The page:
This intervention is given on behalf of The Ocean Foundation as well as DSCC.
This provision raises the possibility of a contract being pledged as security, and therefore of the mortgagor stepping in the place of the contractor or selling the contract: then the provisions ensuring the suitability of the contractor in Draft Regulation 13 are pointless. Anybody could then be doing the mining. Further, if a contract can be pledged as security, that could render any financial security meaningless, as the only real asset could be the contract itself: a circular outcome that further brings into question where, in what format, and in how much money would actually be set aside to fulfill various Contractor obligations under the Regulations.
No public participation would have addressed the technical and financial fitness of the owner of the contract and effective control would be rendered meaningless.
Being able to transfer contracts in this way for purely financial reasons could enable a whole new contractor to carry out activities in the Area.
To be specific: we noted last week that Tongan contractor TOML was bought by DeepGreen, yet the due diligence on technical and financial appropriateness was only done for Nautilus, which was by that stage in liquidation.
Thank you, on behalf of Oceans North and DSCC, we welcome the comments from PEW, and wish to comment further. We consider DR 23 to be a dangerous provision, as it allows an entity other than the assessed applicant to carry out mining. There is no residual discretion to refuse a transfer even though the identity of the contractor is very important. Currently DR 23 (paragraph 7) reads the LTC “shall recommend approval of the application” if criteria are satisfied. There is no discretion. It would be unacceptable that a whole different contractor should step into the previous contractor’s shoes, so to speak, automatically after the mining application has been predicated on the assessment of the identity of the applicant under DR 13.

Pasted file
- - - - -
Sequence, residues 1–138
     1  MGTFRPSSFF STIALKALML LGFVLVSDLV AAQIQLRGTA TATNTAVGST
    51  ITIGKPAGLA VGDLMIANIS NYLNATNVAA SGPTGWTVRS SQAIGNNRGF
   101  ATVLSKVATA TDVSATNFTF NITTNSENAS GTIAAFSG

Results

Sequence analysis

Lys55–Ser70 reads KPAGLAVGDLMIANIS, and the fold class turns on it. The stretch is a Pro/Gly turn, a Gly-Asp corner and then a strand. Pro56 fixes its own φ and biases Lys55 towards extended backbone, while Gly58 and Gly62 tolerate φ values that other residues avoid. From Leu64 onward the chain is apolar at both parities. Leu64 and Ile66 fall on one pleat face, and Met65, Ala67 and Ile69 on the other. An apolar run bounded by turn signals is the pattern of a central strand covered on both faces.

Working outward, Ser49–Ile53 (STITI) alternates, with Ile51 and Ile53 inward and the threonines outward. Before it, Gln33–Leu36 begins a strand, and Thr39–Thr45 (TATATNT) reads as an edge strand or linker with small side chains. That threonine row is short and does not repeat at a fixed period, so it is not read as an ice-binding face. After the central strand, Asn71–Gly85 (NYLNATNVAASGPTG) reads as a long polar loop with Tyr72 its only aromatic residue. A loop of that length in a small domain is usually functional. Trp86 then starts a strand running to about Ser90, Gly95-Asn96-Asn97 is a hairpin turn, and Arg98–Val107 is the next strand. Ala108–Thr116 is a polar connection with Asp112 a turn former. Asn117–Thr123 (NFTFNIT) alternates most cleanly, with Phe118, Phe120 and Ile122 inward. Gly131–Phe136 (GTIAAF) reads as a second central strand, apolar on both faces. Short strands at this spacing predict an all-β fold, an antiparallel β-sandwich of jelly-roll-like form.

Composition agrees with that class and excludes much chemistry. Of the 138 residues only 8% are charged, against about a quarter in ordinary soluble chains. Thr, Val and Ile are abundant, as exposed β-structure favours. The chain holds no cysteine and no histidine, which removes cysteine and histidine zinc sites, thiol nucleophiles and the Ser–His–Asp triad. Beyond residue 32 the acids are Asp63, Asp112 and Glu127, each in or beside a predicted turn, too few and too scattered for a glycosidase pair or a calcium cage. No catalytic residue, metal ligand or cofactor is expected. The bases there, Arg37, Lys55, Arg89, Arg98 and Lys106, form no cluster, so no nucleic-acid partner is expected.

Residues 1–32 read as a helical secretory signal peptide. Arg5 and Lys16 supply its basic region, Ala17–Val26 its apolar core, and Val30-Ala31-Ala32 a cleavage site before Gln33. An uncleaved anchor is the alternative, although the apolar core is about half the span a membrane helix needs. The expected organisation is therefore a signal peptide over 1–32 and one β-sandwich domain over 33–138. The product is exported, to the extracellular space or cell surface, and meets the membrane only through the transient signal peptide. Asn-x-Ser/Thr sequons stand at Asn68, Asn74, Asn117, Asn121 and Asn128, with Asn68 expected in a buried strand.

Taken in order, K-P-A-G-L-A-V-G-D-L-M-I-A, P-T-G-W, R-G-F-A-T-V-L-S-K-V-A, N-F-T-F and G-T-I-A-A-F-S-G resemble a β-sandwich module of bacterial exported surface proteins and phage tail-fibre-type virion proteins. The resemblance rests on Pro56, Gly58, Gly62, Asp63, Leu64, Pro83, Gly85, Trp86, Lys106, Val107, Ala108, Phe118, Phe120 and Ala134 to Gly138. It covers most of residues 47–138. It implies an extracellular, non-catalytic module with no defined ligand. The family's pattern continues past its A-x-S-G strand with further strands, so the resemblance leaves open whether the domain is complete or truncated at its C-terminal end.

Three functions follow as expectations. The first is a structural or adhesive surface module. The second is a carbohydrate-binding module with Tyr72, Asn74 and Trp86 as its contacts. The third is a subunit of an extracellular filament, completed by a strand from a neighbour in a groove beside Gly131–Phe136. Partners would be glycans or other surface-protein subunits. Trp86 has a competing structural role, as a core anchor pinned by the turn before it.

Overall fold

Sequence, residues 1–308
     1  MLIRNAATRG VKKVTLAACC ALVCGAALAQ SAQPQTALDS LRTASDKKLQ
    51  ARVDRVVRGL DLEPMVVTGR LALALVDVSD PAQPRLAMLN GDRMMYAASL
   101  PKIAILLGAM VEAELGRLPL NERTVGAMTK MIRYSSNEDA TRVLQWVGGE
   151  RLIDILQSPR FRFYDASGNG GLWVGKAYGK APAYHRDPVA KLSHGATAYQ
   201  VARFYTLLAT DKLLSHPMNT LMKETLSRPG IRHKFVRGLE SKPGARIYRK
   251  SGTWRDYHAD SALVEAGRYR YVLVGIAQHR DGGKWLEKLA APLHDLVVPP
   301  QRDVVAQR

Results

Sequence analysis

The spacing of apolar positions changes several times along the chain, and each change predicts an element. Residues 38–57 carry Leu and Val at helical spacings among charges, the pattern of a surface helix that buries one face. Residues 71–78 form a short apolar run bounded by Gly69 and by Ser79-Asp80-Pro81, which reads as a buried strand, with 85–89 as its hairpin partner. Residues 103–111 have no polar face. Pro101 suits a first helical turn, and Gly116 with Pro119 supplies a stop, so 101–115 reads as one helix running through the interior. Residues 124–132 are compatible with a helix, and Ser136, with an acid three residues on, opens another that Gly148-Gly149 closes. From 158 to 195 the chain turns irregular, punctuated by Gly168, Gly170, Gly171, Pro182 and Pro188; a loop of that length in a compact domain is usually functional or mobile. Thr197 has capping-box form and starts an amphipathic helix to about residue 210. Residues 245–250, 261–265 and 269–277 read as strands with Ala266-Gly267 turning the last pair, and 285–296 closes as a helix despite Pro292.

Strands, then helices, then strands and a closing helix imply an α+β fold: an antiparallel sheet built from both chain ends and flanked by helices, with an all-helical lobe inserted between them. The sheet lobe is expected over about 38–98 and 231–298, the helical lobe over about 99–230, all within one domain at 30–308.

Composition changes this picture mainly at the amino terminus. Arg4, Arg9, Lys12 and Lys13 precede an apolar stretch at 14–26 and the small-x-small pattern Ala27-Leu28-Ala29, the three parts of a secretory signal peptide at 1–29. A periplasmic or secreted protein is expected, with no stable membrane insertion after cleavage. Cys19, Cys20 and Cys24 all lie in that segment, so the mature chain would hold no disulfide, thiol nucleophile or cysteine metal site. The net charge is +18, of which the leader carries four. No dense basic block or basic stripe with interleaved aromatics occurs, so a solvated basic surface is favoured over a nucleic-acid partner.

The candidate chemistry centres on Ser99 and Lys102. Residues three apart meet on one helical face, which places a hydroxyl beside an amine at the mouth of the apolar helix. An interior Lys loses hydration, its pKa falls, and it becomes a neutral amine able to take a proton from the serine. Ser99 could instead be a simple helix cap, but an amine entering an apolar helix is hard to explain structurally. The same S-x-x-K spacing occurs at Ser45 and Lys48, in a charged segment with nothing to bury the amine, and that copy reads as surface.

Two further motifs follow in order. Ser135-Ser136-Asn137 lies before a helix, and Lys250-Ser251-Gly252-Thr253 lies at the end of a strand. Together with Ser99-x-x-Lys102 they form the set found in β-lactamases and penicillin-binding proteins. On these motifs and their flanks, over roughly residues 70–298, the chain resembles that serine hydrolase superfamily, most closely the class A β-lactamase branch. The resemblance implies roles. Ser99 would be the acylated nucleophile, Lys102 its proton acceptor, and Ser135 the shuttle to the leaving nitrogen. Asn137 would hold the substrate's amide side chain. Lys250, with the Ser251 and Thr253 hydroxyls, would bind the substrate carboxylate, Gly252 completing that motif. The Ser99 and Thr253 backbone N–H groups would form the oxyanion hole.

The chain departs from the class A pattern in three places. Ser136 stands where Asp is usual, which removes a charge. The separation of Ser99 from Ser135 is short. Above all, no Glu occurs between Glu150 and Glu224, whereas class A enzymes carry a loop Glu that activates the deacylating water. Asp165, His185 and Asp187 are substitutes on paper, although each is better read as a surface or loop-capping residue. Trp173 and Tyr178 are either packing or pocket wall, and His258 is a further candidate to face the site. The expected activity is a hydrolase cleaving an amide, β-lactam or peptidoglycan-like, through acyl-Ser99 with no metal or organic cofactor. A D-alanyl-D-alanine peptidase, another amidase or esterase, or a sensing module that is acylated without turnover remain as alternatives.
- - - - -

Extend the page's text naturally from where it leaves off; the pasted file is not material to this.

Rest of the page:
This is a critical provision about change in control. The discussions here must be aligned with the discussions of effective control in the institutional working group. We have three points about this draft regulation 24.
Firstly, controlling interest is not defined in paragraph 1 and must be discussed in the context of the Institutional Working Group.
Secondly, currently as drafted in paragraph 3 the Secretary-General would have full power to determine whether the contractor will have the financial capability to meet its obligations under the exploitation contract.
Thirdly, even if the Secretary-General does decide to notify the Commission, the only consequence under paragraph 4 is that the Commission shall submit a report of its findings and recommendations to the Council. In other words, there are no consequences to a change in control: this goes to the heart of both effective control and the assessment of the contractor.
Contractors should not be required to start commercial mining. There could be many reasons a contractor chooses not to start mining, including concerns or lack of information on the environmental effects of any mining.
Indeed, TMC itself stated in a recent US Securities and Exchange Commission SEC filing that, and I quote, “Operations in the CCZ are certain to disturb wildlife and may impact ecosystem function. Impacts on CCZ biodiversity may never be completely and definitively known”.
This lack of knowledge underlines why a moratorium on deep-sea mining is essential.
Paragraph 3 would require the contractor to suspend production whenever such reduction or suspension is required to protect the Marine Environment from harm or to protect health and safety. We read this as additional to emergency orders to require the contractor to take action before any such measures.
But as discussed in other working groups, the threshold of serious harm is too dangerous. The applicable standard should be to protect the marine environment from any harm as required by Article 145.